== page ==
Monday, June 1, 2009

CM James Supports Oral Health Program for Children In NYC Public Schools


May 29, 2009

Contact: Amyre Loomis at (718) 260-9191

Council Member Letitia James Supports Oral Health Program for Children located in New York City Public Schools

The window of opportunity to save the Children’s Oral Health Program will soon be closed, as the June 12th layoff date for dentists is fast approaching

(Brooklyn, NY) - For over 100 years, the New York City Oral Health Program (OHP) has served children in public schools without charge, whether the children are insured or not.

Claims by the Department of Health & Mental Hygiene (DOHMH) that children in New York City Public Schools can receive dental service elsewhere, such as through Medicaid are misleading, as not all children have coverage and most children are never seen by a dentist unless the care comes to them.

“Management seems to be doing everything in their power to eliminate this program without a viable backup plan in place. If this program is closed children will lose their access to dental care, either because they will have to pay, or because it won't be available in their schools, or both,” said Dr. Gary Peters, a long-time Oral Health Program dentist.

Claims that others dentists will take over the clinics are misleading, as those “others” do not take care of the uninsured, and interest doesn’t extend to taking over all the current clinics. And, to replace this program with a referral service at a cost of $ 1.75 million (as suggested is the Mayor’s 2010 budget), when the entire full service program costs only $ 2.5 million is simply illogical. Public Advocate Betsy Gotbaum recently compiled an extensive report on the matter condemning the proposed closures as well.

Only the OHP has the flexibility to seek out children in need of dental care – and open clinics in public schools, as the need becomes known. Dr. Margaret Mahoney, a dentist working for the Oral Health Program for 23 years said: “One out of every two children that I examine has a dental issue to address. If this program closes, a great void will be left in the underserved communities. Already patients have been turned away from our clinics. They are no longer allowed to make appointments for checkups and are now dental homeless.”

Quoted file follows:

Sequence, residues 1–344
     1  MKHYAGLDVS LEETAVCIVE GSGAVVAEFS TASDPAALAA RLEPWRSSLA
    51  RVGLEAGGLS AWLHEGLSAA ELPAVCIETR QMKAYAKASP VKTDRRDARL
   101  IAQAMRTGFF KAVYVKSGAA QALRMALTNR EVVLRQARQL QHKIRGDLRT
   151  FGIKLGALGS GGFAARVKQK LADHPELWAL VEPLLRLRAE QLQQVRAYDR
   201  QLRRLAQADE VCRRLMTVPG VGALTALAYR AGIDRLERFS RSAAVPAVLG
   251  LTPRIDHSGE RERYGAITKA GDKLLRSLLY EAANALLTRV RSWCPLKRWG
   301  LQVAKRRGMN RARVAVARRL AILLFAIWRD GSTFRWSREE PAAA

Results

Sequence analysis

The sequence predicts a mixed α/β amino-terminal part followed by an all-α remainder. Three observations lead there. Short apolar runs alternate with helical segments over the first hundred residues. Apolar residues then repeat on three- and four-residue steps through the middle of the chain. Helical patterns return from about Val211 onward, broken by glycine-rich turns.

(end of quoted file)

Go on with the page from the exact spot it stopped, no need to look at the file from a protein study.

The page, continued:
“It is well known that good health starts with the teeth, and this begins during childhood. It is simply unconscionable for the Department of Health & Mental Hygiene to phase out this critical oral health program for our youth, and I will do whatever I can to save it. It is my hope that the City Council will prevail in its quest to maintain this important service for our children,” said Council Member James.

According to Dr. Peters, with limited staff more than 23,182 teeth were protected from getting cavities from September 2007 - April 2009, through the application of protective dental sealants, and this is only a small component of the program. How tragic it will be for New York City school children if the 17,000 children currently seen annually are cut off from access to dental care.



Anonymous said...

How has Mayor Bloomberg eliminated the Oral health Program from the budget? You have always been an advocate for the vulnerable children for whom this program provides.

Aja Worthy-Davis said...

The budget was the result of weeks-long negotiations between the City Council and the administration. Further information will be released after the budget is finalized. Through such negotiations, Council Member James was able to join her fellow members in helping to save Brooklyn fire houses, maintain 6-day library service, and protect ACS personnel. Her ongoing effort to save Oral Health was not successful, but many of the proposals at this point include absorbing these programs into existing health organizations, so that the services are not lost. We remain hopeful that, at worst, these programs may be re-implemented in better economic times.

Anonymous said...

The program cost was almost nothing compared to other programs. It is sad that for only a million dollars children's oral health is slashed! Unless the city steps in, there will be no free help for kids. Council member James is wonderful and does a lot for the city. It is just a shame there was not more support and that the mayor and commissioner wanted it gone.

Anonymous said...

The program is now dead. Patients were still coming in for appointments and were told the clinics are closed. A city hospital pediatric clinic called and asked to set up appointments. They were told that all the clinics were closed. The nurse asked where were children without insurance suppose to go?
A mother, whose child was in pain and face was swollen, asked what was she suppose to do ? The staff was crying. Everyone knows that children will not be seen and will be left in pain. The public advocate's report, GAO report and everyone on the city council knows this. Bloomberg says he cares about working families, this just shows he does NOT!!! People talk a good game but in the end actions speak louder than words!